In 1939 Leclerc joined Radio-Canada in Montreal as a radio scriptwriter. Several of his series were extremely popular, including 'Le Restaurant d'en face' (on which he broadcast his song 'Notre sentier'); 'Je me souviens,' (for which Hector Gratton composed the incidental music); 'L'Encan des rêves'; and 'Théâtre dans ma guitare.' At the same time, Leclerc acted on air in the Radio-Canada drama series 'Un Homme et son péché' by Claude-Henri Grignon and 'Vie de famille' by Henry Deyglun and on stage 1942-5 with Émile Legault's Compagnons de Saint-Laurent.
Félix Leclerc's radio scripts attracted the attention of writer and filmmaker Albert Tessier, who encouraged their publication. They were collected under the titles Adagio (stories), Allegro (fables) and Andante (poems), which sold well. In 1948 Leclerc and two friends, Guy Mauffette (b Montreal, 8 Jan 1915, d 30 June 2005) and Yves Vien, founded the troupe VLM, which presented his plays Le P'tit Bonheur and La P'tite Misère in Montreal and elsewhere in Quebec. That year his play La Caverne des splendeurs won first prize in a one-act-play competition organized by the Amis de l'art. Some of his songs, including 'Le P'tit Bonheur,' served as interludes between scenes. A number of his other songs - 'Hymne au printemps,' 'Le Train du Nord,' 'Bozo' - became popular in Quebec in the late 1940s, especially through his own Radio-Canada (SRC) program, 'Félix Leclerc et ses chansons.' Before making his career in France, Leclerc benefited from his success in Quebec as an author, playwright, radio host and chansonnier.
Success in Paris; Recordings
In 1950 Félix Leclerc's career as a chansonnier became international. An influential impresario from Paris, Jacques Canetti, artistic director of Philips records, heard Leclerc perform in Montreal and immediately offered him an engagement in Paris. Thus Leclerc made his debut there in December 1950 in a large Paris music hall, the ABC, sharing the bill with the Compagnons de la chanson and Édith Piaf. The success of his debut was followed by his first recordings and by tours of France, Belgium and Switzerland. Dressed in a checkered lumberjack shirt and accompanying himself on the guitar, he delivered his earthy songs in a robust baritone and soon became a top-ranking star. In February 1951 he was awarded the Grand prix du disque de l'Académie Charles-Cros in Paris for his song 'Moi, mes souliers.' Beneath his name, printed in large letters on the billboards, was 'le Canadien.'
Félix Leclerc subsequently divided his time between Europe and Canada. In France, his participation in major radio programs, his appearances in the leading variety theatres and boîtes à chansons (eg, the Trois-Baudets and Bobino), and his numerous tours made him a superstar.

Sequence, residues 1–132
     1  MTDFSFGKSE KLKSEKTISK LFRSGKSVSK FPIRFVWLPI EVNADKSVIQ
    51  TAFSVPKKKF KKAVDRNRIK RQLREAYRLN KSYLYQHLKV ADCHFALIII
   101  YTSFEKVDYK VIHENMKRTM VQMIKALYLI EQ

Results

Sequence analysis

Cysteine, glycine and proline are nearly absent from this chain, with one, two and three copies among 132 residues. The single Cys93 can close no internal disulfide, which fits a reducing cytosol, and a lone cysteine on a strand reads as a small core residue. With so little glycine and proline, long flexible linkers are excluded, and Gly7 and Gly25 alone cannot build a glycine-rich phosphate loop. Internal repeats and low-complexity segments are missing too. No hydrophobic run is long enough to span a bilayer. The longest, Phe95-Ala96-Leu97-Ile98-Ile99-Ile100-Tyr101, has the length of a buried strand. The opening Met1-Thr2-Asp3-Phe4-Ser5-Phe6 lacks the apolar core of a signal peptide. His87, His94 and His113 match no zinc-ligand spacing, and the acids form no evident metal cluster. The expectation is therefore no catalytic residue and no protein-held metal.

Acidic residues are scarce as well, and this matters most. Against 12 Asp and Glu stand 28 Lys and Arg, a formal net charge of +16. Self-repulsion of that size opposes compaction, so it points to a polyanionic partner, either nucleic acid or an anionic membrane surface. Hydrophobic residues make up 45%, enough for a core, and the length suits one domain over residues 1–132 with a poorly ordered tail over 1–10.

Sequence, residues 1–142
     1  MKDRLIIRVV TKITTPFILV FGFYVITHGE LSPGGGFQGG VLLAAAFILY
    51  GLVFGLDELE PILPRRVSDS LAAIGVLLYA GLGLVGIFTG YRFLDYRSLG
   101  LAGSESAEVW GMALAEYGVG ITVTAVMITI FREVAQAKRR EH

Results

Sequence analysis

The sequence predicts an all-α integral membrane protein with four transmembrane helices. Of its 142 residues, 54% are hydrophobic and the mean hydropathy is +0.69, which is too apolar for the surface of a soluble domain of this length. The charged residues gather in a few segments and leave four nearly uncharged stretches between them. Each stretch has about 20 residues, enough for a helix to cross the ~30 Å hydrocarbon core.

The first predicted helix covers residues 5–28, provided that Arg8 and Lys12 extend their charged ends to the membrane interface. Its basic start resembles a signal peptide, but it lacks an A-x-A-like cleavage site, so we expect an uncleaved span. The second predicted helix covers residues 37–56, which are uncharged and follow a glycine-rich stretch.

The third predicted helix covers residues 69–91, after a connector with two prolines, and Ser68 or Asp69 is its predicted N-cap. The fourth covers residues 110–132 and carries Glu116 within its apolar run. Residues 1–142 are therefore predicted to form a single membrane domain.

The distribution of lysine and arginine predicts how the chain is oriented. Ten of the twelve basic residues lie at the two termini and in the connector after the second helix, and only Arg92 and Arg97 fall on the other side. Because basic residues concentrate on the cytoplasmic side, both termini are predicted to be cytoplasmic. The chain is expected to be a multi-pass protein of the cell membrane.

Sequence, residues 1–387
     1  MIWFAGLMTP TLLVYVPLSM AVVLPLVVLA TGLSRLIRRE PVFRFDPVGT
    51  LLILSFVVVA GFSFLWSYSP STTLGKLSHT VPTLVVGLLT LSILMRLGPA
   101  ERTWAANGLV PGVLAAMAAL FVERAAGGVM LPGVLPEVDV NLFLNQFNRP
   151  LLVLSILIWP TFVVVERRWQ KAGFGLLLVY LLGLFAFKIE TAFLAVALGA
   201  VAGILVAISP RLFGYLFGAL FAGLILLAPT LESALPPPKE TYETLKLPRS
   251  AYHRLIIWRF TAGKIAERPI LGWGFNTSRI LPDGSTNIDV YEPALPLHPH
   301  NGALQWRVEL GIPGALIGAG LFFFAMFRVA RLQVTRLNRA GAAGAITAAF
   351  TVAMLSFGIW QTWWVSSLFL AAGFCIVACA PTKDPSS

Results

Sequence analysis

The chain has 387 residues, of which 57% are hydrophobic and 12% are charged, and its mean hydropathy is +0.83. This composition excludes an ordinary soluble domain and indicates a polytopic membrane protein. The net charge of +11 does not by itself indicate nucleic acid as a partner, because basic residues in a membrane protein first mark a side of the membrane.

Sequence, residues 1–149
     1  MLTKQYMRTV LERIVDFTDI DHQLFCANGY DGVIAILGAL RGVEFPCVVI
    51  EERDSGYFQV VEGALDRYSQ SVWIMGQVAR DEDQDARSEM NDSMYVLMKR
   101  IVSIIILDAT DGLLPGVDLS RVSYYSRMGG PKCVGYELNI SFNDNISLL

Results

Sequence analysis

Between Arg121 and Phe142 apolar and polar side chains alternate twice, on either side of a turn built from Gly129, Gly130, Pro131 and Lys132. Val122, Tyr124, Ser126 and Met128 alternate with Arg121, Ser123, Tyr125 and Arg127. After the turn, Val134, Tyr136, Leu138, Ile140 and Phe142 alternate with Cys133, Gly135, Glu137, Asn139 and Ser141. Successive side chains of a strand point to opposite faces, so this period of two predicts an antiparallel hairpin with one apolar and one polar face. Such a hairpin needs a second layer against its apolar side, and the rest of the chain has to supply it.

Félix Leclerc's singular qualities had a revitalizing effect on the chanson in France and are said to have provided a catalyst for the careers of Georges Brassens, Guy Béart, Jacques Brel and others. Thus Christian Larsen wrote: 'Félix Leclerc is to the Canadian chanson what Trenet was to the French chanson: a revolutionary, a turning point, and a leader. Because of him, fortune-hunters, poets and shopkeepers set out in search of a new Klondike... although he did not create the Canadian chanson, Leclerc produced its public and its market and to some extent was responsible for the present generation of young chansonniers' (Chansonniers du Québec 1964).
When he returned to Montreal in 1953 to take part in the Montreal Festivals, Félix Leclerc was given a hero's welcome. His career later obliged him to spend long periods of time in Europe, but he frequently appeared in Canada; of special note were his western tour in 1965 and his appearances at Montreal's Place des Arts in 1967 and Le Patriote in 1966, 1970, 1972, 1975 and 1976; and in Ottawa at the National Arts Centre in 1971. He made a major tour of France, Belgium and Switzerland in 1973 and of France again in 1975 and 1977. He had received another Grand Prix du disque in 1958 for Félix Leclerc et sa guitare (No. 1), and in 1973 he received the same award for his work in general. Perhaps his greatest triumph in Quebec was his appearance in 1974 with Gilles Vigneault and Robert Charlebois at the Superfrancofête in Quebec City.
Félix Leclerc also appeared in films, including Les Brûlés (1959); Félix Leclerc, troubadour (1958); La Vie (1967); C'est la première fois que j'la chante (1988); and Pieds nus dans l'aube (1994).
Leclerc's Output and Major Themes